Tips for guys on navigating Boy World and secondary school from children's expert and author who inspired Mean Girls

By Edmund Ho

Here are five takeaways from Rosalind Wiseman’s treatise on male social dynamics in high school, Masterminds and Wingmen

By Edmund Ho |

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As we celebrate Brovember, perhaps it is time to sit down and take stock of what it actually means to be a “bro” or a man. One of the seminal movies of the 21st century, Mean Girls, was based on a book about social dynamics between high school girls, written by children’s expert, Rosalind Wiseman.

She wrote a lesser known, but no less important, book about male social dynamics in high school as well, called Masterminds and Wingmen. Although not entirely applicable to an Asian school setting, there are many takeaways that we guys can learn from. Here are five.

The ‘Act Like a Man’ Box

There are many ways of enforcing social order among boys in secondary school; the higher-ups keep the lower-downs firmly in place. But there is one set of rules which everyone abides by, and those are the “Act Like a Man” rules. They range from being good at the right sports, to being tall and charismatic.


These rules, according to Wiseman, fit into a box; any traits that lie outside the box could lead to accusations of being “gay” or “a girl”. These invisible rules, although they cause torment to even those who embody one or more of the desirable traits, are enforced and reinforced continually as boys jockey for respect, and reputation.

Social hierarchy: how it works

The social hierarchy in secondary schools is divided into four groups. The “10 Percenters” are the ones who fully embrace the “Act Like a Man” rules; they have a vested interest to both obey and enforce the rules.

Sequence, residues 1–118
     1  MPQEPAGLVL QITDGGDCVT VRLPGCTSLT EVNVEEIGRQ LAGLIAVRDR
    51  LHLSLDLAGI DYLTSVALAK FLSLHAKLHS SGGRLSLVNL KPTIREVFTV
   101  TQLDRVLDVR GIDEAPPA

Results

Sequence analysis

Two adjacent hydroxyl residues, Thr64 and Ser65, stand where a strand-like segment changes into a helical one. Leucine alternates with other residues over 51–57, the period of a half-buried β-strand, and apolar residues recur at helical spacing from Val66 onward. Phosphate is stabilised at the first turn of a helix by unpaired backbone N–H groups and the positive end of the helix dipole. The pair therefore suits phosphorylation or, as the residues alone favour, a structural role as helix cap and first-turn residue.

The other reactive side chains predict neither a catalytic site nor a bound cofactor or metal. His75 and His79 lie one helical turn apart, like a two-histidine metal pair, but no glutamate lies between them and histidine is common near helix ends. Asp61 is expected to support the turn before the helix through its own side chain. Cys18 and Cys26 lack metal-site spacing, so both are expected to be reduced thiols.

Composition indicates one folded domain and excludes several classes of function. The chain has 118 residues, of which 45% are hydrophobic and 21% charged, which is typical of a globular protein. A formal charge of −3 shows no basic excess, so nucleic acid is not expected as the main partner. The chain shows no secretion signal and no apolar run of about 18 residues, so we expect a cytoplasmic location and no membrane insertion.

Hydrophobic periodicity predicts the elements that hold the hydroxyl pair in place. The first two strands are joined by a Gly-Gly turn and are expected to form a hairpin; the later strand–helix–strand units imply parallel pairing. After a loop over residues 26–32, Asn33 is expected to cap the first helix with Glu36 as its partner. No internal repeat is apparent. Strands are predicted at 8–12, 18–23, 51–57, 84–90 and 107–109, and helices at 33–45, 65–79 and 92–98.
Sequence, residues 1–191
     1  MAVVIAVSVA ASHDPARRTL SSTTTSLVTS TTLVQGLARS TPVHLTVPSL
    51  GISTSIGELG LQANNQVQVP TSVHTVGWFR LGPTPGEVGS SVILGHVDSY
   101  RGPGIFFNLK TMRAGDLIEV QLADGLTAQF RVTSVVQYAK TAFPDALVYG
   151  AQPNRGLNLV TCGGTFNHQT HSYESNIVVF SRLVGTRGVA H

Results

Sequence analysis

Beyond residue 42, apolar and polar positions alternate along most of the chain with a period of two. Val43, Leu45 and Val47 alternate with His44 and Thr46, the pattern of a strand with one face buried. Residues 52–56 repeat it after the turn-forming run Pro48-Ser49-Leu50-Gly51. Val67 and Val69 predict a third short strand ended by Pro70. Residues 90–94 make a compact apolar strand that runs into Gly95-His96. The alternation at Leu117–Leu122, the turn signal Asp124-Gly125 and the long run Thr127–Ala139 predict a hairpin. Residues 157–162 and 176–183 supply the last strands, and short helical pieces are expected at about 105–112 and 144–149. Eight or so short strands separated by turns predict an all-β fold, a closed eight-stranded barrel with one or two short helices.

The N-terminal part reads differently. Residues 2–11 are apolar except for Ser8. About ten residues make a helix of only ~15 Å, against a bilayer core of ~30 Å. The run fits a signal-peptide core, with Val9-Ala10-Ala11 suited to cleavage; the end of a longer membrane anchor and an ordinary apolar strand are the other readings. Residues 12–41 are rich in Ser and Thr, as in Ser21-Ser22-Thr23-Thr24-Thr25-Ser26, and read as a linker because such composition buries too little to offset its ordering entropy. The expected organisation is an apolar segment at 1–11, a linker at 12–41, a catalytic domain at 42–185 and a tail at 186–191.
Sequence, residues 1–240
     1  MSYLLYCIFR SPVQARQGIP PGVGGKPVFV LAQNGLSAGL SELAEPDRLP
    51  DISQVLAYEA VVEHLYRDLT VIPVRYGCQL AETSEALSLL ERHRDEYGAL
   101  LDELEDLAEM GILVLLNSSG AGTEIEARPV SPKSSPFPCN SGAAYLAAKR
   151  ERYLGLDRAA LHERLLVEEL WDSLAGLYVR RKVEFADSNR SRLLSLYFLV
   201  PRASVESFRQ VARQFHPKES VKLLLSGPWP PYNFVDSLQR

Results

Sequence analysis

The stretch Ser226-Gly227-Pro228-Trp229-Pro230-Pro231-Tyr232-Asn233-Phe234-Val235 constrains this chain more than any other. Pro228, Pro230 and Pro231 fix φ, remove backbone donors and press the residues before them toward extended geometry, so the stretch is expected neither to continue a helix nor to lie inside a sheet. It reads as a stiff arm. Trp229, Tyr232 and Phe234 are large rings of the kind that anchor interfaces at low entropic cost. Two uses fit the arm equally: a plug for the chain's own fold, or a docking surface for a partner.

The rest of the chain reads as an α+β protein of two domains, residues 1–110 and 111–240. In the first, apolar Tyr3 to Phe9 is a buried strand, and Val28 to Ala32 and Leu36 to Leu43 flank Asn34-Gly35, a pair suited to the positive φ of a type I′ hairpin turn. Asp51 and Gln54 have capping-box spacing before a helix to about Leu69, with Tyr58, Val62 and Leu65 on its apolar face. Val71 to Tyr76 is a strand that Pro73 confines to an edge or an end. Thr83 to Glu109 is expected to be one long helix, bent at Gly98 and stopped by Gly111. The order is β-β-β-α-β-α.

The “Majority”, which comprises around 75 per cent of the male student body, are the ones who don’t really fulfil most of the rules, but hang out in groups that offer them protection and a sense of belonging.

The “Bottom Rung” are people who, well, are on the bottom rung of the social ladder; they aren’t necessarily the most bullied, however, as they could have one or two strong friendships. The “Outer Perimeter”, meanwhile, might include “anarchists, pranksters … obsessed single-subject or single-sport high-achievers”; most of these people either choose to disengage from the social hierarchy, or simply don’t have the requisite social skills to be part of it.

Humour is the best defence

Humour is one of the most effective defence mechanisms in social situations; a well-timed piece of wit can defuse a tense moment, and is one of the most desirable traits for a guy. However, in Boy World, humour can be a double-edged sword.

Humour can either be a quick comeback to comments, or a self-deprecating remark that expresses a flippant sense of self that hides how hurt you might be; in essence, a very effective defence mechanism.

Humour can also be used in teasing; good teasing is the “cornerstone of good friendships”, but malicious teasing “highlights the difference between the target and everyone else”, according to Wiseman. Humour can be used as a mask to hide weakness, or as a way to point out someone else’s.

It’s not all boys’ fault

With all that, Wiseman says, it would be easy to conclude that Boy World is a savage and unforgiving place where guys tear each other apart. Some of that is true, but the fact is, adults reinforce these same social rules.

“You throw like a girl”, or “crying is for sissies” only serves to teach young boys that crying is not acceptable, or that being bad at sports means being bad at being a boy. The male idols that young boys now respect or look up to, like Iron Man, are almost pathologically flippant and cool; it’s fashionable to be blasé and apathetic. All of these factors contribute to the unrealistic self-image that kids aspire to growing up.

Parents are there to support you

Parents, despite all their faults, do care about the well-being of their kids. Their care might manifest in less than savoury ways, like stalking their kids’ social media accounts, or rifling through their rooms. These are misguided ways to connect and communicate with their children, but fundamentally, parents want what is best for their kids.

It’s hard to get an adolescent boy to even talk about their school day (let alone to their parents), but perhaps opening up is an easier thing than most of us boys realise, and who knows? Maybe it might even make you feel better.

Edited by Charlotte Ames-Ettridge